Siobhan Kennedy and Suzy Jagger
Global stock markets may have cheered the US Federal Reserve yesterday, but on Wall Street the Fed's unprecedented move to pump $280 billion (£140 billion) into global markets was seen as a sure sign that at least one financial institution was struggling to survive.
The name on most people's lips was Bear Stearns. Although the Fed billed the co-ordinated rescue as a way of improving liquidity across financial markets, economists and analysts said that the decision appeared to be driven by an urgent need to stave off the collapse of an American bank.
“The only reason the Fed would do this is if they knew one or more of their primary dealers actually wasn't flush with cash and needed funds in a hurry,” Simon Maughan, an analyst with MF Global in London, said.
Mr Maughan said that the most likely victim was Bear Stearns, the first bank to run into trouble in the sub-prime crisis and the one that, among all wholesale and investment banks, is most reliant upon the use of mortgage securities for raising funds in the money markets.
“The average financial institution was up 7.5 per cent yesterday after the Fed's actions, but Bear Stearns rose just 1 per cent on massive trading volume,” Mr Maughan said. “The market is telling you it's Bear Stearns.”
The Fed's intervention sparked fears of deeper underlying trouble because it came only days after it had made $200 billion (£99 billion) available in emergency funds. The nature of the financing was also unusual, bankers say, because it was the first time that the Fed had offered to lend Treasury securities in exchange for ordinary AAA-rated mortgage-backed securities as collateral.
Chris Whalen, of the financial consultancy Institutional Risk Analytics in New York, said: “The Fed move is confirmation that at least one of the banks is in trouble. A huge part of the banks' inventories are illiquid. If a broker-dealer is illiquid, it dies.”
Speculation has swirled for months about the collapse of an American bank as the credit crisis has escalated and spread from sub-prime to other mortgage-backed securities, treasuries and bonds. As well as Bear Stearns, attention has focused on UBS, the Swiss bank, which has been forced to make more than $18 billion in sub-prime writedowns, and Citigroup, the world's largest financial institution, which has turned to sovereign wealth funds to help to shore up its credit-stricken balance sheet.
Bankers say that mortgage lenders, such as Paragon, Alliance & Leicester and Bradford & Bingley, could also be teetering on the brink soon if they cannot raise enough money in the markets to continue to lend to customers. All the banks have denied that they are facing a cash crunch and each has said that its liquidity position is strong. Nonetheless, the speculation continues to mount. Alan Schwartz, the Bear Stearns chief executive, reiterated that stance yesterday after Punk Ziegel analysts gave warning that the bank could be forced to seek a merger partner.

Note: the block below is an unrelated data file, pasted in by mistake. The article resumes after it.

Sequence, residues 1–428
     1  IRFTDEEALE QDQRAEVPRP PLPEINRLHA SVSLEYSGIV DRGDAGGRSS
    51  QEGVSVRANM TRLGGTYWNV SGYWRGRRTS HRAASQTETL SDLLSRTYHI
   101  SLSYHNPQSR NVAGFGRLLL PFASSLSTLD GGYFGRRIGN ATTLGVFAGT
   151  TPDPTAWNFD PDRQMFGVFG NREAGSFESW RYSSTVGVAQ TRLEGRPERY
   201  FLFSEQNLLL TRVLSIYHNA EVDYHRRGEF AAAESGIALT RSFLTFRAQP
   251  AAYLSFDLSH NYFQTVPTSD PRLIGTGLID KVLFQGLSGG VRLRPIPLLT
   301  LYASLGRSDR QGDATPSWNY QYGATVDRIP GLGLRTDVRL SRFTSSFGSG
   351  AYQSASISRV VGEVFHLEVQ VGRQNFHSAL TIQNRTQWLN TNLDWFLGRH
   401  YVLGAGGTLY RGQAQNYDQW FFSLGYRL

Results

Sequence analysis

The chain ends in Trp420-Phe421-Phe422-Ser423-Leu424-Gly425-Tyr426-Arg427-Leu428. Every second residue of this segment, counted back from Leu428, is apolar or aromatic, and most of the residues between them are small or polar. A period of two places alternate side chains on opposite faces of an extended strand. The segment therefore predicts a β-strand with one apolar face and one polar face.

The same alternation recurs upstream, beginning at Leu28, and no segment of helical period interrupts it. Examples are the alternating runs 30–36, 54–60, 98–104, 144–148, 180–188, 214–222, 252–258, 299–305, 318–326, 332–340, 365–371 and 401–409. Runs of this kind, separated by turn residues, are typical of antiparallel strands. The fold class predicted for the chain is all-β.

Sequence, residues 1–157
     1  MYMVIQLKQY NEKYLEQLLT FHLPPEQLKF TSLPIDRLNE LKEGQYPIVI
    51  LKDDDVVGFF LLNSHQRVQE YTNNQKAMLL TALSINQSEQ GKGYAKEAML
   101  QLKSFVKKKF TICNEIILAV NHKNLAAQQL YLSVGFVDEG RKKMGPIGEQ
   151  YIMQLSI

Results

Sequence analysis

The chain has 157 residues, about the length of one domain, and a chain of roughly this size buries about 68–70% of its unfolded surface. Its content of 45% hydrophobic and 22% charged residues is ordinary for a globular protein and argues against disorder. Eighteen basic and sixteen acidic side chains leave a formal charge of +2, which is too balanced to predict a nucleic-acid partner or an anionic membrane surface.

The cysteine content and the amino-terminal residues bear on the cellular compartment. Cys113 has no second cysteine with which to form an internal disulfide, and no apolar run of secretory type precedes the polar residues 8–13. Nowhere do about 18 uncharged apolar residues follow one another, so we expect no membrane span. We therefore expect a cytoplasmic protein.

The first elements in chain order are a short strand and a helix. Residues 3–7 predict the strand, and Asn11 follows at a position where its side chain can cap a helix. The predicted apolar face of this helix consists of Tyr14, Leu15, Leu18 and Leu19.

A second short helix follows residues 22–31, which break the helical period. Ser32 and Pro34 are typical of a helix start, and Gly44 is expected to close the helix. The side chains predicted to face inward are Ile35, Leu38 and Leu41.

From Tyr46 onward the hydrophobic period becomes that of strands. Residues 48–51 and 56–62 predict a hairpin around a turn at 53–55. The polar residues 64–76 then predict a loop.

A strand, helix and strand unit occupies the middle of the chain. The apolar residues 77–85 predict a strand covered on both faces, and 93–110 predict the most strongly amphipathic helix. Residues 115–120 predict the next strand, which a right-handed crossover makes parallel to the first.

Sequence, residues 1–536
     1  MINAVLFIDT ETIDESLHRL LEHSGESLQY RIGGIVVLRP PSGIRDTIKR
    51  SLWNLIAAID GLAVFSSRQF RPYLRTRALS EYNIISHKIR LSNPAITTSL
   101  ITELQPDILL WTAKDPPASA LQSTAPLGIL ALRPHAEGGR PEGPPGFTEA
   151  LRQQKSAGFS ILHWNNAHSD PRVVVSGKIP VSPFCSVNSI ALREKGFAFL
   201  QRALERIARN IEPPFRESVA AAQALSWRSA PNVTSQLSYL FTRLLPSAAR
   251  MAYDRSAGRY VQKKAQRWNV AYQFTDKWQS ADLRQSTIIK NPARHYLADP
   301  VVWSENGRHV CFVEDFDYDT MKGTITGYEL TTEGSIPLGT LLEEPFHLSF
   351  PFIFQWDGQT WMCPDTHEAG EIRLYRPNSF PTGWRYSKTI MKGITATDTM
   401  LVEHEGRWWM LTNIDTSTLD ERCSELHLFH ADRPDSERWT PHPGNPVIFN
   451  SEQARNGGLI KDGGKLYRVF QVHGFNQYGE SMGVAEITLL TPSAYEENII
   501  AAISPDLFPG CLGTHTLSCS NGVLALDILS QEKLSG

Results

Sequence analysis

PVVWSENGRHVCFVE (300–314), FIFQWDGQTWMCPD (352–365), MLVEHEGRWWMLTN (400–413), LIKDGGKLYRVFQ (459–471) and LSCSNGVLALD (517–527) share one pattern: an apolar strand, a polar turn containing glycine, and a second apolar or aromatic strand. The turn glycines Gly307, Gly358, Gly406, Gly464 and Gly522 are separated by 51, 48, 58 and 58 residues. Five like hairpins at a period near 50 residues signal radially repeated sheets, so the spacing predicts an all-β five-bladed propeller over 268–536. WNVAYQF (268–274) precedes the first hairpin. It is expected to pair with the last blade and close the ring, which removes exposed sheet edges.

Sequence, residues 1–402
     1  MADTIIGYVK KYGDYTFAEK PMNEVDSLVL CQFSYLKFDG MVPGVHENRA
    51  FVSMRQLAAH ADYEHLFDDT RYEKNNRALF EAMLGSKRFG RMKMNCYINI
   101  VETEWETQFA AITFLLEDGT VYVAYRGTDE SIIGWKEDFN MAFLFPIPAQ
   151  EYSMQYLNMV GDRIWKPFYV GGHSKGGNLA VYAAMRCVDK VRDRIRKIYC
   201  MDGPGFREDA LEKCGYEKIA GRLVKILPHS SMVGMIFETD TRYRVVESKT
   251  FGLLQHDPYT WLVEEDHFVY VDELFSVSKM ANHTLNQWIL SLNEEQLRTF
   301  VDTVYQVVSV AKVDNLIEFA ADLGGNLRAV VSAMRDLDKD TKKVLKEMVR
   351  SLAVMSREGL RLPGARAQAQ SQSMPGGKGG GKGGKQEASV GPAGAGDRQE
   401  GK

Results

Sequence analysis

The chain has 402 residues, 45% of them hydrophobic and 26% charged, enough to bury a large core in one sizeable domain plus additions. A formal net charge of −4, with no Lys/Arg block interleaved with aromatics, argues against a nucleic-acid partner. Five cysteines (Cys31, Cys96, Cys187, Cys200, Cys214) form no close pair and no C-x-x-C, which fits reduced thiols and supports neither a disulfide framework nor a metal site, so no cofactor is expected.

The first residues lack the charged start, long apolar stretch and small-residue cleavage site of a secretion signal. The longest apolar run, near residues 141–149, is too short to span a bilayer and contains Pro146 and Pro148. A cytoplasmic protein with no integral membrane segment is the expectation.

“We don't see any pressure on our liquidity, let alone a liquidity crisis,” Mr Schwartz told CNBC yesterday. He said that Bear had finished fiscal 2007 with $17 billion of cash sitting as a“liquidity cushion”. He added: “That cushion has been virtually unchanged. We're in constant dialogue with all the major dealers, and I have not been made aware of anybody not taking our credit.”
Yet banking sources said yesterday that a collapse seemed inevitable. One senior banker in London said: “Someone will go under in this crisis, that's for sure. The question is whether they stay under or get rescued. Let's see whether this latest round of stabilisation helps, but if it doesn't, it's difficult to see what Plan B is. The Fed can't just keep on printing money.”
One problem with the credit crunch is that banks' solvency positions can change overnight. As banks force firesales of assets to recover their loans from hedge funds, the prices of those assets fall. But as the prices fall, the amount of capital that the banks need rises. Lena Komileva, a Tullett Prebon economist, said: “This is what is fuelling the vicious cycle. Things can deteriorate very rapidly and banks can reach insolvency almost overnight.”
Ms Komileva said it was clear that the Fed was reacting to address a “specific counterparty risk”, although she declined to comment on which bank might be in trouble. She said: “The speed and severity of their action appeared disproportionate to what had actually happened, so, consequently, it seems the Fed really reacted to prevent a Northern Rock-style problem in the US.”
She said that the Fed's moves amounted to window-dressing. “All the signs of stress that were there before are still here,” she said.